Ferrero North America brand Mother’s Cookies is making light of the suffering that animals experience when they’re used in cruel circuses. The product’s packing shows elephants, camels, and lions as “circus animals.” This language is a form of speciesism that makes people who see these cookies think that it’s OK to use animals for human entertainment.
Animals used in circuses are typically torn away from their mothers as babies, are locked up in cages or chained, and live in fear of being hit again with weapons like whips, electric prods, and sharp steel-tipped bullhooks. Trainers force them to balance on balls, spin on pedestals, walk on two legs, and ride bicycles. Mother’s Cookies is pretending that suffering doesn’t exist in the circus—and these animals deserve more.
Just last year, Dukal Corporation stopped making bandages featuring images of animals in circuses, joining Nabisco, which redesigned its animal crackers box, and Trader Joe’s, which redesigned several packages to no longer feature images of elephants in circus settings or performing circus-style tricks. Hundreds of venues and dozens of communities nationwide have banned or restricted circuses with animals. Ringling Bros. and Barnum & Bailey Circus returned without using living, feeling beings, and UniverSoul Circus has ditched its cruel animal acts.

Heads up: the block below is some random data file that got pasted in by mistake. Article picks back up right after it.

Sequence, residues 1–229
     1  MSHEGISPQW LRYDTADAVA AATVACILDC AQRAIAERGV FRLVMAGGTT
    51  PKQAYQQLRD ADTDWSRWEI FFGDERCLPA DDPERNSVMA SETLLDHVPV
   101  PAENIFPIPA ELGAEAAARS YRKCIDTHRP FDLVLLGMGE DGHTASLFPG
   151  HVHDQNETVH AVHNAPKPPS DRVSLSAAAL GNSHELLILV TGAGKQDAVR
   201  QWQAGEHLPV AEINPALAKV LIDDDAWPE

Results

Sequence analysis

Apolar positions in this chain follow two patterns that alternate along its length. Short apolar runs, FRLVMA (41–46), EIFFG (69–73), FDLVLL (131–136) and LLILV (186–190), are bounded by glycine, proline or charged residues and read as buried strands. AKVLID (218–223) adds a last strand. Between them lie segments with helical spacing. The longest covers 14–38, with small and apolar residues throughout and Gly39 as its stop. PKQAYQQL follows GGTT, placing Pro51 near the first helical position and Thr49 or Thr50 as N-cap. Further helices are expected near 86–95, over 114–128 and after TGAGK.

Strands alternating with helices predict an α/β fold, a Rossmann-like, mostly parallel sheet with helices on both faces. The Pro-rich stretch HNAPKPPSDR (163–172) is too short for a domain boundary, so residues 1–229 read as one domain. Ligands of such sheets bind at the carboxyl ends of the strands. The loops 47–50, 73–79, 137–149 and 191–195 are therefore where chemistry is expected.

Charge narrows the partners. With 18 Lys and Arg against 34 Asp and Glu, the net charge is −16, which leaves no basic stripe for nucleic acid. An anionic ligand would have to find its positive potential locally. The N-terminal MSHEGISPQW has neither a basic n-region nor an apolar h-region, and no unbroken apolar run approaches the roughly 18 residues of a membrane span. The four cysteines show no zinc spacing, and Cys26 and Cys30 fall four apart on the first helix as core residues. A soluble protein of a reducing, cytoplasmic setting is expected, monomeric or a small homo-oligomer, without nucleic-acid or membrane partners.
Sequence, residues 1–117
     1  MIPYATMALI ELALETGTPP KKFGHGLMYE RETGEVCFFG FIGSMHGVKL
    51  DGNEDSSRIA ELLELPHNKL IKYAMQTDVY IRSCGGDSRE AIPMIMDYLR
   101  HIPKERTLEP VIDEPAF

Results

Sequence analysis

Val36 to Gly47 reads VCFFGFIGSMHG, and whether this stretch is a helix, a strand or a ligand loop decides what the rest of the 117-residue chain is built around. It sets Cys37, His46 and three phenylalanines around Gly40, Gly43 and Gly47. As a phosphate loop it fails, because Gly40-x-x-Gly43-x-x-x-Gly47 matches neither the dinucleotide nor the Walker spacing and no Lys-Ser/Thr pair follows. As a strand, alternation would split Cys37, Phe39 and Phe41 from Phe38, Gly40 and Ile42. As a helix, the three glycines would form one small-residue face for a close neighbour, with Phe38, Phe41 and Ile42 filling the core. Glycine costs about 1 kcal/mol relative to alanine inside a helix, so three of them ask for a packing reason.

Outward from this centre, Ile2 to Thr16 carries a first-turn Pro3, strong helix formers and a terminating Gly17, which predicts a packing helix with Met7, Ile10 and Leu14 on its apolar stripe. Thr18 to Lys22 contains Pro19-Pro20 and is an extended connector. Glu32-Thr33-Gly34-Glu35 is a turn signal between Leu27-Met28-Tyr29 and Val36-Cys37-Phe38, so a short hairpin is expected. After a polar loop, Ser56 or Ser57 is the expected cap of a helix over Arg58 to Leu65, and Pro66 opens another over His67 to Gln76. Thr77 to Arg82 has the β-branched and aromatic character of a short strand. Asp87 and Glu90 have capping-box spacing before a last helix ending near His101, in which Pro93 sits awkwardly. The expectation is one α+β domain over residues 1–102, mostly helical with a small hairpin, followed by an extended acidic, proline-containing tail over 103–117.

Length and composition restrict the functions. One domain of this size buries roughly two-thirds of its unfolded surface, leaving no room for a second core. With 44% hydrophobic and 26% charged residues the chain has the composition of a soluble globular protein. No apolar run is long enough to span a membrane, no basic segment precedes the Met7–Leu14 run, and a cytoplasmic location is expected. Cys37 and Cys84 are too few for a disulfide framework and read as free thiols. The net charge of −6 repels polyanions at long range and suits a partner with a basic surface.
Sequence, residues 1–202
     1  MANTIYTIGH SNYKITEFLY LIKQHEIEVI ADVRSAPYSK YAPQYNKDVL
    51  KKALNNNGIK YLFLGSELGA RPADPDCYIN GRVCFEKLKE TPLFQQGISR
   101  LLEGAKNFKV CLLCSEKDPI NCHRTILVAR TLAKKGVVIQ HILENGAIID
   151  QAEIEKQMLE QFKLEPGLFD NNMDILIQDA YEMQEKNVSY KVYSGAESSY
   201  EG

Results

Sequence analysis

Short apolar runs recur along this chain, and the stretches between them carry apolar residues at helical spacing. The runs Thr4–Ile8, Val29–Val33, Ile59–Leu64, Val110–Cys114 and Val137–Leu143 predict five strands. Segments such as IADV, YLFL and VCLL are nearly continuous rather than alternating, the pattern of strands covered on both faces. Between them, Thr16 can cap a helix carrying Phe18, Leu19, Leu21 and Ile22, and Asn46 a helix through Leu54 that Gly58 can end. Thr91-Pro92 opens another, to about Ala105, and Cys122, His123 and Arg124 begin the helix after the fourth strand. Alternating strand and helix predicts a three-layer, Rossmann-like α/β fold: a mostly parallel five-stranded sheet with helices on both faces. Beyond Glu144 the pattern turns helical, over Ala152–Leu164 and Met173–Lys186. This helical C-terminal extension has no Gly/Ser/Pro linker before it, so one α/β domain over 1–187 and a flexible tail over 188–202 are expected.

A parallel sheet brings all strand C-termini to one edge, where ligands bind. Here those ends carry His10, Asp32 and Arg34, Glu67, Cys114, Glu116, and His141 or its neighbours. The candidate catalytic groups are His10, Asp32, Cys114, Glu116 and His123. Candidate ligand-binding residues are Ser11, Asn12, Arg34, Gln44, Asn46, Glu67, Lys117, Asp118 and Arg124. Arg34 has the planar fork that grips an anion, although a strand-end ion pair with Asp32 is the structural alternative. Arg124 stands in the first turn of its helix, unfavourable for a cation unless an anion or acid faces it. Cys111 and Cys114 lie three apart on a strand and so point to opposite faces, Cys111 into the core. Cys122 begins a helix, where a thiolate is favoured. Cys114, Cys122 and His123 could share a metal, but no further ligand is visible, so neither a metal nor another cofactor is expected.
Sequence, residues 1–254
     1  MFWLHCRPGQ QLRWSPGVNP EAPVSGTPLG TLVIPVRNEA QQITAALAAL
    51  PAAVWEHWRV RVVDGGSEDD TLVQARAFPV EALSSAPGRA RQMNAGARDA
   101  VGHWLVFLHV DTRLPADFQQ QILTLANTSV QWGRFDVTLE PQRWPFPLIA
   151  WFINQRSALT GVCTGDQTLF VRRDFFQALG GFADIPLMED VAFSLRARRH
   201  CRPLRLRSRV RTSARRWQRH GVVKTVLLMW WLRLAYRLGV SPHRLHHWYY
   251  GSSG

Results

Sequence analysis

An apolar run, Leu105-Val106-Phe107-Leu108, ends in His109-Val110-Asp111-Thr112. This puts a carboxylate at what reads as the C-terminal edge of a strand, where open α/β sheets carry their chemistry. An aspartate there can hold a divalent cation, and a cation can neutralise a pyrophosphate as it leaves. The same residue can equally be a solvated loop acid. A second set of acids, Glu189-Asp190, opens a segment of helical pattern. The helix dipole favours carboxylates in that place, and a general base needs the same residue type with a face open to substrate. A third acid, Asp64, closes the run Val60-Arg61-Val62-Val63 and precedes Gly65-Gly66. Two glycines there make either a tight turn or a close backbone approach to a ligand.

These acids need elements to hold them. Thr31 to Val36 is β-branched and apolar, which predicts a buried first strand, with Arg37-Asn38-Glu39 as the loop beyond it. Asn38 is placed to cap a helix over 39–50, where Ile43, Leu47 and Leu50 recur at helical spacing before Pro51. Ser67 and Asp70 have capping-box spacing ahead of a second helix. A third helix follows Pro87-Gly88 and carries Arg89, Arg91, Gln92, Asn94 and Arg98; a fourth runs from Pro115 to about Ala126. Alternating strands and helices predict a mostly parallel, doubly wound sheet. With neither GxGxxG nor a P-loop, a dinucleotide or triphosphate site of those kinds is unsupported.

Please use the form below to urge Ferrero North America to stop promoting animal circuses on its Mother’s Cookies packaging and to be truly animal-friendly by ditching the dairy and confectioner’s glaze—which comes from insects—in its products.